Over time, I can see religion fading into a relic of the past, with morality firmly rooted as the topic of scientific discourse. The new book, The Moral Landscape - by Sam Harris, is a foreshadowing of new ways of thinking about morality using the tools of science. Contrary to common belief, science can have a lot to say not only about how, but to define the "oughts."

While the pace of new discoveries has been growing exponentially, some areas of fundamental science seem to be hitting a dead end. For example, scientific puzzles such as the unification of forces and the distribution of particle masses continue to frustrate the brightest minds. Is string theory a step in the right direction, or are some of its more crazy implications a sign that our minds and our science are not equipped to understand such deep questions? Are physicists like dogs with their leashes wrapped around a tree, not having the cognitive ability to see the solution?

These questions hint at cognitive planes that lie beyond our reach. We would be no more able to appreciate higher cognitive planes than a dog can appreciate integral calculus or an amoeba the feeling of loyalty to a master.

A broader perspective on such issues comes from viewing the evolution of life as a series of distinct snapshots. The first frame would show the simple elements under the excitation of lightening and the second would show the amino acids that formed as a result. Then would follow a frame showing a collection of single cells, and next, colonies of cells that communicate with each other through chemical signals. Next, groupings of cells with specific functionality would be seen to have evolved into organs that make macroscopic creatures. Finally, groupings of creatures would be seen communicating with each other using primitive sounds and gestures, followed by the amazing evolutionary leap that leads to language, then abstract reasoning. What image is forming on the next frame?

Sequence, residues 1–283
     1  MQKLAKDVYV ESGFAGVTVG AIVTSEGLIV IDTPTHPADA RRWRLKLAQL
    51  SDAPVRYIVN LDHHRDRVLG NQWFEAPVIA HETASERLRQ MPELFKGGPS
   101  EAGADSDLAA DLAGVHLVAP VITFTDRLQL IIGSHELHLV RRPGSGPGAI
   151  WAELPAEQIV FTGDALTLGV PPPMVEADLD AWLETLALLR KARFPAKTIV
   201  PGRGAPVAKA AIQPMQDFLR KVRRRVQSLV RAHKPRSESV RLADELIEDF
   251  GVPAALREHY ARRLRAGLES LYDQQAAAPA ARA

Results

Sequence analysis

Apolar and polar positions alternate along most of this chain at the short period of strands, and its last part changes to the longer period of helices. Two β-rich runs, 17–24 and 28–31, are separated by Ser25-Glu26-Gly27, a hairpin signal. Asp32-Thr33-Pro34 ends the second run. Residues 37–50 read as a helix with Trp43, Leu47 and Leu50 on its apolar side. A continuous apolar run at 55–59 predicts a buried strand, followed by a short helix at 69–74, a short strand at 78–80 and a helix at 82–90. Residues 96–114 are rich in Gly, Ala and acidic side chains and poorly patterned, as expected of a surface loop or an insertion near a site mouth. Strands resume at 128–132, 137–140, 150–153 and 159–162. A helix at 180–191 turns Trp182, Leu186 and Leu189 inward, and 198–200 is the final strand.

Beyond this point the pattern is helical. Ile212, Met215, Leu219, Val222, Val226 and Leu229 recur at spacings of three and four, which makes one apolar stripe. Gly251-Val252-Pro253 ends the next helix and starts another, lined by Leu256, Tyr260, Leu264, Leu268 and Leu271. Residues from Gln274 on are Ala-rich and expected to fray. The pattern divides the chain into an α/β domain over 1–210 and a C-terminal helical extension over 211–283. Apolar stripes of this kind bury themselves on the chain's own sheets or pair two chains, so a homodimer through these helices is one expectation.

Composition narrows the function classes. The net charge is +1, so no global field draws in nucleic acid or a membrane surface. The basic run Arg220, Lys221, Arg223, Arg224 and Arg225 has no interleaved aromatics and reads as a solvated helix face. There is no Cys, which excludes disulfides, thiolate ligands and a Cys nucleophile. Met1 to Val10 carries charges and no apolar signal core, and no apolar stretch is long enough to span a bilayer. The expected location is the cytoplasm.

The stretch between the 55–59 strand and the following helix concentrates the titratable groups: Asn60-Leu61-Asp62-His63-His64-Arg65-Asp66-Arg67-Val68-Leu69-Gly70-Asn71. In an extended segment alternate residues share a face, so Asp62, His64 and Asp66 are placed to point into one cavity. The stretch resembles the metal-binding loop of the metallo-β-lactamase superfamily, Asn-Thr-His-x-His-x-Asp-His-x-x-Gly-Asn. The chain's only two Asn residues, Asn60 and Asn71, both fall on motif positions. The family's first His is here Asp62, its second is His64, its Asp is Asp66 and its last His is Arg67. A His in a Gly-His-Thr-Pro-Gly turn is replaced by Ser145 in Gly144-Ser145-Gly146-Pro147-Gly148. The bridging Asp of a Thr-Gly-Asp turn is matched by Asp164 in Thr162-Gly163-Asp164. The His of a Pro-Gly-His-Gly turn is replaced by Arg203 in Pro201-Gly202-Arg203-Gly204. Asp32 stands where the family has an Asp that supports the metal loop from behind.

Perhaps the human mind will someday evolve to the next level. Alternatively, perhaps the internet and other technologies that connect us to each other will continue to become more sophisticated, producing a larger human/electronic organism that is today on the verge of emergence. We may be as much aware of such a super brain, distributed over billions of people, as an individual neuron is aware of consciousness. Such a transformation may already be in progress without our notice.

I would prefer a future in which the human brain evolves to the point where it can reason on a higher cognitive plane; but, a super creature that reasons through the thoughts of billions may be the next evolutionary step needed to get there. Perhaps one day, in a display of grand irony, such a super creature will seek to understand its own super consciousness by studying the operation of single brains and the nature of their interconnections while being unaware of the emergence of yet higher levels of consciousness.